RPGs are the best example of this idea. In many RPGs the very first thing a player does is create their character; their representation of themselves in this new world. Through these representatives players move through these worlds interacting with NPCs, environments, enemies, and even other player’s representatives. This provides us with the unique opportunity to become someone else.

Have you ever wanted to be a medieval military general? Here’s a strategy game. Ever wanted to be the ruler of a civilization? Here’s a Sid Meier game! Want to be an astronaut? You can totally do that. Gangster? Thug? Bank Robber? You can be all these things. Not only can we escape into other worlds, we can become other people in those worlds.

But we can also be ourselves. Or better yet, the person we want to be. When I am playing an RPG I often find that I am imposing my own personality and values onto my in-game representative. When presented with a dialogue option I frequently say to myself “I would never say or do that kind of thing!” Or, I will perform grandiose actions based on my own personality.

(This next paragraph may contain a light spoiler, but I’ll try to be as general as possible)

There is a particular moment that comes to mind when I was playing Bethesda’s pos-apocalyptic romp Fallout 3. I had just escaped the Vault and made my way into a nearby town. While chilling at the local tavern, trying to grasp this wasted world around me, I talked to a well dressed gentleman who offered me a large sum of money to do a very bad thing. Here, I was provided the chance to be myself, another person, or something I wanted to be. And I wanted do be a strong altruistic “chaotic good” hero; values I wish to see in myself in the real world. So I shot the well dressed gentleman dead. In the face; so he couldn’t harm anyone ever again. And honestly, it felt good to be good.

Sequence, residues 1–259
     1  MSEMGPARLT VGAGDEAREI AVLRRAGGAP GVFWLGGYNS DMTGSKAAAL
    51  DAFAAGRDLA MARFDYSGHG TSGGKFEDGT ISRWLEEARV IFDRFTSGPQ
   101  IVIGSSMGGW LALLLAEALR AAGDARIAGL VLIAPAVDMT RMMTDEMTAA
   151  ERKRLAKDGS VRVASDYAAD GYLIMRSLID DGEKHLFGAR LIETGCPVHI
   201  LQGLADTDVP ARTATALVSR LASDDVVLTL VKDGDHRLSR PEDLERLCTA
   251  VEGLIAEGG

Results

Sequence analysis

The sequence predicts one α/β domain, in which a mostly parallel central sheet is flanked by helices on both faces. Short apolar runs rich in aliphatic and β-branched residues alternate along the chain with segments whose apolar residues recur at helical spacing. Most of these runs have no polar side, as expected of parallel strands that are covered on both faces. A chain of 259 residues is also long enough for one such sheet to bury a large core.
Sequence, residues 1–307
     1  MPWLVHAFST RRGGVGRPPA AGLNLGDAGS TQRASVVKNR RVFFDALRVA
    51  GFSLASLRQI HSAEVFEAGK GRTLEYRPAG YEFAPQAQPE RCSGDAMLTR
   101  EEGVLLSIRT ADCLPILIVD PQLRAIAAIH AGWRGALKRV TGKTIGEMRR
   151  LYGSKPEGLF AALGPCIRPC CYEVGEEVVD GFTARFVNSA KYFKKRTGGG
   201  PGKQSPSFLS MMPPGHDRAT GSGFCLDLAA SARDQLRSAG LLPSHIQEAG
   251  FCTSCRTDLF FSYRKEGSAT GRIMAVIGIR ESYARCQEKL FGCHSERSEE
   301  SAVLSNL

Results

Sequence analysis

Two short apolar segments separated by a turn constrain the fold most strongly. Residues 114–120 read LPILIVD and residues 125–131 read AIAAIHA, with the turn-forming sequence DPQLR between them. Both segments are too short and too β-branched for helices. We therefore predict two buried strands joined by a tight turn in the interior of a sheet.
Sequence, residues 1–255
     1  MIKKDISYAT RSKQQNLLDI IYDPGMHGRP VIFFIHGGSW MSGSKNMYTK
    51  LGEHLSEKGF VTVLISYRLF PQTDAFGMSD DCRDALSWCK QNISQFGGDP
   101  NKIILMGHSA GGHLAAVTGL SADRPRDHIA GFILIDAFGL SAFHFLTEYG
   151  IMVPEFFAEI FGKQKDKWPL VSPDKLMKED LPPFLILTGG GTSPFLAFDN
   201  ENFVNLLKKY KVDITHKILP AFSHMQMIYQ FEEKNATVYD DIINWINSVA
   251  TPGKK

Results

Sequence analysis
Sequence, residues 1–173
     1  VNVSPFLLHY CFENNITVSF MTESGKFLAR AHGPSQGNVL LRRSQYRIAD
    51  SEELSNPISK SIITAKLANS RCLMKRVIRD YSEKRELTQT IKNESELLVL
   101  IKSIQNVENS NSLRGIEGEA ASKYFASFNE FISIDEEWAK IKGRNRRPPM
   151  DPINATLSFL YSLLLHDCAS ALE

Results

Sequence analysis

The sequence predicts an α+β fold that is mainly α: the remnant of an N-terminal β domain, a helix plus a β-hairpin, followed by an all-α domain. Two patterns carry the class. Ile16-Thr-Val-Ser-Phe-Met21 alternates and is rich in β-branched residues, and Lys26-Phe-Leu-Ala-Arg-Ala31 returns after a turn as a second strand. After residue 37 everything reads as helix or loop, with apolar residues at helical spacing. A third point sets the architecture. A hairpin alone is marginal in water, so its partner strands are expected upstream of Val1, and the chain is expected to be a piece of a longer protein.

I should really clarify that I don’t actually want to shoot people in the face, and if I ever found myself in a similar situation in real life I would probably call the police. The point here isn’t that I want to be a violent person, but I want to be a good person.

My next point kind of stems from the whole shooting people in the face bit:

3 – Games let us make decisions that are, in general, inconsequential

If I shoot a bad guy in the face in a game, nothing is really going to happen to me in real life. That choice was generally inconsequential. That isn’t to say that the choice didn’t have any consequence; there were in-game events that happened. Generally speaking I was presented with a hypothetical situation, which stimulated my mind and value systems, and I made a hypothetical decision. The difference between games and thought-experiments is that in games we get to take “hypothetical actions.” More than just making a decision in our minds, we take action with our game controller (or keyboard or play a card etc) which can lead to visual and audible responses, and “hypothetical consequences” which lead to whole new hypotheticals! And at the end of the day, nobody really got shot in the face.

The best part of these hypotheticals is the fact that these sort of things probably won’t ever happen in my real life, which brings me to my last point

4 – Games put us in situations of our choosing that we generally won’t experience in real life

“Games are a series of interesting decisions” – Sid Meier (Creator of the Civilization series)

I know, I know. There is a lot of contention and debate about this quote (or misquote as some would say). Rather than get into the quote itself (I could probably write a whole post about it) I would actually like to paraphrase it a bit and say:

“Games are a series of interesting [experiences]” – Adam Carriere (Creator of this blog you’re reading)

I’m probably never going to experience the opportunity to fight a dragon with my loud voice, design and fly a space rocket, thwart an alien invasion, or command the elements as a geomancer in real life. But I can certainly experience these things as a player. And that’s awesome.

That’s why I love games.


 

Why do you love games? Feel free to share your thoughts here in the comments or over on Twitter (@adamthegameguy)!

Thanks for reading! Please note: I did my best to link my game references to their official webpages, but other than Adventure Time Munchkin they should all be available through Steam for you to enjoy (and experience)!